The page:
The event, featuring addresses by Members of Parliament, academics, journalists and student activists, covered the legacy of Periyar and the Dravidian movement, the challenges of casteism and lack of representation of marginalised sections of the society in education, federalism and the menace of majoritarian politics.
LAST Saturday, two developments took place at an event which may turn out to be historic in the political calendar of India. One, the event witnessed the launch of more than 50 books on social activist and politician Erode Venkatappa Ramasamy, popular as Periyar, one of the leading proponents of the Dravidian movement in Tamil Nadu, translated into English. Two, the event saw the birth of a new student political organisation, the Students Federation of Dravidians (SFD).
The event was organised and coordinated by the Tamil students fraternity in Delhi at the Constitution Club of India. It is a movement touted to be for the welfare of students from the Dravidian (Scheduled Tribe/Scheduled Caste/Other Backward Class/Minorities/LGBTQ) communities in academic spaces. Two leaders of Dravida Munnetra Kazhagam (DMK), Dr D.N.V. Senthil Kumar S., member of the Lok Sabha and M.M. Abdullah, member of the Rajya Sabha, attended the two sessions of the event as chief guests.
The event consisted of two panel discussions followed by the launch of the books.
First panel discussion
The first panel discussion was chaired by Dr Senthil Kumar and included Dr Shephalika Shekhar, Assistant Professor, BNMV College, Bihar; Tamil Nazar, Research Scholar, Jawaharlal Nehru University (JNU); Nahala, Joint Secretary, Fraternity Movement Delhi University (DU); Athi Asuran, writer and publisher, Kaattaaru Magazine; Fathima Bathool, President, Muslim Students’ Federation, DU; Naresh Kumar, All India Students Association, JNU; Jahanvi Sodha, Founding Member, We The Women of India and Member, National Students Union of India, JNU; Elaiyakumar R., Research Scholar, Jamia Millia Islamia; and Yogendra Kumar, Birsa Ambedkar Phule Students’ Association.
The opening remarks were given by Elaiyakumar, who spoke about the attack on Nazar by members of the Akhil Bharatiya Vidyarthi Parishad (ABVP) at JNU. He highlighted the caste-based discrimination that exists in higher educational institutions which leads to the systematic denial of education to students from the marginalised communities. He also talked about the aims and objectives of the SFD, which includes representation of marginalised communities, establishing gender-neutral hostels for students, equality for all political organisations in university spaces, and ensuring proportional representation of all communities.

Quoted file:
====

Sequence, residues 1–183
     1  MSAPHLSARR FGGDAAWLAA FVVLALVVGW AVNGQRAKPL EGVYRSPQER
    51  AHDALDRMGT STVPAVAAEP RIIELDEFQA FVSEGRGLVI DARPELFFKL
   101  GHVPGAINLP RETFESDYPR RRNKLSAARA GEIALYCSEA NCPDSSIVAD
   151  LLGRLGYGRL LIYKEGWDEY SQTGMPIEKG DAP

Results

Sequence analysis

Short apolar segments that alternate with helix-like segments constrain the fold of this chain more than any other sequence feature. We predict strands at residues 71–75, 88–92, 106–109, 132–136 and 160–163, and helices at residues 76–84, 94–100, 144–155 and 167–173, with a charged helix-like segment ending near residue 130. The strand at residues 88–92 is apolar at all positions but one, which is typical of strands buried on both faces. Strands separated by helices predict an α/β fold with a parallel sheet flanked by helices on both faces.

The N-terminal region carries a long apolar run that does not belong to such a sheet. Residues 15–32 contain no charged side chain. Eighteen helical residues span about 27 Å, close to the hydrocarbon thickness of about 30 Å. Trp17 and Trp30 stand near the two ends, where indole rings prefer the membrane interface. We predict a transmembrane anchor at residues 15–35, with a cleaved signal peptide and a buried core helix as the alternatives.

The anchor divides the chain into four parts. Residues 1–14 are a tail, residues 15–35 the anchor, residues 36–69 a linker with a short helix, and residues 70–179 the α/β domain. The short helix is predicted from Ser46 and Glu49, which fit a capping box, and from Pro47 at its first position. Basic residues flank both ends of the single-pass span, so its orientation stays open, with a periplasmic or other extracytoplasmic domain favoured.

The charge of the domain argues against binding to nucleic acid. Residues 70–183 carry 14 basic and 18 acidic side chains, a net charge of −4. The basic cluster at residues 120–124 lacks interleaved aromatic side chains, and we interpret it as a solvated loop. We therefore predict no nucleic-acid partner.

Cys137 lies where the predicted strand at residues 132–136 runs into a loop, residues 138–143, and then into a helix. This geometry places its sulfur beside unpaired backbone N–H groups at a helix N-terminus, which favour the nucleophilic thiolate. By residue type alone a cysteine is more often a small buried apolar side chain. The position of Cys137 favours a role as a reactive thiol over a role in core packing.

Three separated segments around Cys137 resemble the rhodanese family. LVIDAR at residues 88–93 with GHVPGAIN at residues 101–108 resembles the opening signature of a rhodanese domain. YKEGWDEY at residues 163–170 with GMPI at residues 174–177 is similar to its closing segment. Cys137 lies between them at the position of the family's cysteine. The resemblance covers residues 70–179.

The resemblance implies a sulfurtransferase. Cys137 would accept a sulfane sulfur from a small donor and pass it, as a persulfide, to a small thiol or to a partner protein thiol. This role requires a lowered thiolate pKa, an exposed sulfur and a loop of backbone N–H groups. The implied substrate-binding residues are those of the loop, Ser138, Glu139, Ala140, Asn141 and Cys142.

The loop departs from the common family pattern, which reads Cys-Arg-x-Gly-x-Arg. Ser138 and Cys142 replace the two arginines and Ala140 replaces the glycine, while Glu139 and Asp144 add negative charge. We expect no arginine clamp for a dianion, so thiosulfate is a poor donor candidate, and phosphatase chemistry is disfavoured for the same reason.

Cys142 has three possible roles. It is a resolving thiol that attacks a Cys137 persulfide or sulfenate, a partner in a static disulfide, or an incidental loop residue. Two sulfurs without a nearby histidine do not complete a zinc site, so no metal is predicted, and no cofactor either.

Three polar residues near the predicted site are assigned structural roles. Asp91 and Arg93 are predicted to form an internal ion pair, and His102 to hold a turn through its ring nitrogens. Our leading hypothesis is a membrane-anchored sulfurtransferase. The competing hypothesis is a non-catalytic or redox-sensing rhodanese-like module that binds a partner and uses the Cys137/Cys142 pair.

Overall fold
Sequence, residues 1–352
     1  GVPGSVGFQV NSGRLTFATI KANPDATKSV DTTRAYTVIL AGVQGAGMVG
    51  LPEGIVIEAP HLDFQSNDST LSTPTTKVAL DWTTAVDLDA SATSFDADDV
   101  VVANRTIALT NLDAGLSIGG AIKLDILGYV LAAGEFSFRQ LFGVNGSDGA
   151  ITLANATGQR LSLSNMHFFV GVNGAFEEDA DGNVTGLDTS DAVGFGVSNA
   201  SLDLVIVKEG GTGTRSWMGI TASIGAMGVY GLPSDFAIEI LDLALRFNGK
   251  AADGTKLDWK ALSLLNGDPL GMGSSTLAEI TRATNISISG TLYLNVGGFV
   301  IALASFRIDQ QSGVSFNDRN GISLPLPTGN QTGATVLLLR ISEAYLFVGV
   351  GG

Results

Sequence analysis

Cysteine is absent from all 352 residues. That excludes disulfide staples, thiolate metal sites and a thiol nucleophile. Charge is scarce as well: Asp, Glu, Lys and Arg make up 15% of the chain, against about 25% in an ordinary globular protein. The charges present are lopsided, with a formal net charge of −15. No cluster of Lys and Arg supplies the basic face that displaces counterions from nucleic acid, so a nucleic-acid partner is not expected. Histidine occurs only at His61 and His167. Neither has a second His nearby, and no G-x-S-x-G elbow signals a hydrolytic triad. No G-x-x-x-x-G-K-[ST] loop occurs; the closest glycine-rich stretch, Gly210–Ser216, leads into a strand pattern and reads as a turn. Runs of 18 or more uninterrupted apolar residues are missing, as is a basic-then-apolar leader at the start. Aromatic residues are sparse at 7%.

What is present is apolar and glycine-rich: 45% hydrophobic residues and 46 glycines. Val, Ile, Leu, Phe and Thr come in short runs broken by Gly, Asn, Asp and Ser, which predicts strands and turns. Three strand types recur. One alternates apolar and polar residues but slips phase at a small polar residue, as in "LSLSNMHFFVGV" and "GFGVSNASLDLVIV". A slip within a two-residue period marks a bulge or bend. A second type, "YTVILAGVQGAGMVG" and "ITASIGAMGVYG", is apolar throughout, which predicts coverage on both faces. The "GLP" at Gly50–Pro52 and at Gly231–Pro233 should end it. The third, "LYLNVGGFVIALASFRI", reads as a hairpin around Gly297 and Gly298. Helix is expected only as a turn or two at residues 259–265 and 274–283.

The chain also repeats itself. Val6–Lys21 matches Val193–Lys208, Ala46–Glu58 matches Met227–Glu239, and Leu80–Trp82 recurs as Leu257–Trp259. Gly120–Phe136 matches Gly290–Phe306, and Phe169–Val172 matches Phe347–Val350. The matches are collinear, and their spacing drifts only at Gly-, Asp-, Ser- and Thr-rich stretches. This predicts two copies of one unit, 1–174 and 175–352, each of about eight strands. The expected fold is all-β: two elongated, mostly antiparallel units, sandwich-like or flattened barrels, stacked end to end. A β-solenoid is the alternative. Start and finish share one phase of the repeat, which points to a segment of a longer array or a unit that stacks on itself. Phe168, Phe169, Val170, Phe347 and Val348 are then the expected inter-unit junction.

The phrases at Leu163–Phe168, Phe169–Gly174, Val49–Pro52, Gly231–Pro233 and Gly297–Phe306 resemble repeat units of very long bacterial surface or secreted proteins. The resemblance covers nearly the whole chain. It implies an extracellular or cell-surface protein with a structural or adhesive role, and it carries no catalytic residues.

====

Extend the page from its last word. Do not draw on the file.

Dr Shephalika Shekhar said that one cannot understand Periyar without speaking of the Dravidian movement and culture.
Nazar talked about the attack on him by the ABVP and how the timely tweet by the Chief Minister of Tamil Nadu M.K. Stalin helped their voices to be heard across the country and gather support. He thanked the speedy intervention and support of Dr Senthil Kumar and Tiruchy Siva, Rajya Sabha MP from DMK, in the JNU campus immediately after the incident.
Dr Shekhar said that one cannot understand Periyar without speaking of the Dravidian movement and culture. She traced the very beginning and history of the Dravidian movement and its core value system of preservation as opposed to conflict. She said that Dravidian culture must be understood from the works of Periyar, Dr B.R. Ambedkar, and social reformer and educationist Savitribai Phule. She reminded the gathering of the J.P. movement, Mandal I and Mandal II, the struggle for caste-based reservations in India, and the continuing resistance to the casteism that has permeated into every sphere of India’s society.